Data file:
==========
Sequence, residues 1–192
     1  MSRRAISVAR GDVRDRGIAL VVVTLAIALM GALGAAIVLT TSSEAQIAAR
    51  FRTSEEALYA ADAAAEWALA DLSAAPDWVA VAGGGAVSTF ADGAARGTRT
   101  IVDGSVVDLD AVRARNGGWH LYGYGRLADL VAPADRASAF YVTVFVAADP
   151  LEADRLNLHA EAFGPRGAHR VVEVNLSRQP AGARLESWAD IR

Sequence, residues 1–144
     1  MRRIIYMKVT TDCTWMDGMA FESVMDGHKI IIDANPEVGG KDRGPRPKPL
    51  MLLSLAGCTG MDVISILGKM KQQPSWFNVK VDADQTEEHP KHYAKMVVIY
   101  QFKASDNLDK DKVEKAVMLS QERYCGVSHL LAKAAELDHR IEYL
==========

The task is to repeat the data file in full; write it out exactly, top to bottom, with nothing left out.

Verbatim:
Sequence, residues 1–192
     1  MSRRAISVAR GDVRDRGIAL VVVTLAIALM GALGAAIVLT TSSEAQIAAR
    51  FRTSEEALYA ADAAAEWALA DLSAAPDWVA VAGGGAVSTF ADGAARGTRT
   101  IVDGSVVDLD AVRARNGGWH LYGYGRLADL VAPADRASAF YVTVFVAADP
   151  LEADRLNLHA EAFGPRGAHR VVEVNLSRQP AGARLESWAD IR

Sequence, residues 1–144
     1  MRRIIYMKVT TDCTWMDGMA FESVMDGHKI IIDANPEVGG KDRGPRPKPL
    51  MLLSLAGCTG MDVISILGKM KQQPSWFNVK VDADQTEEHP KHYAKMVVIY
   101  QFKASDNLDK DKVEKAVMLS QERYCGVSHL LAKAAELDHR IEYL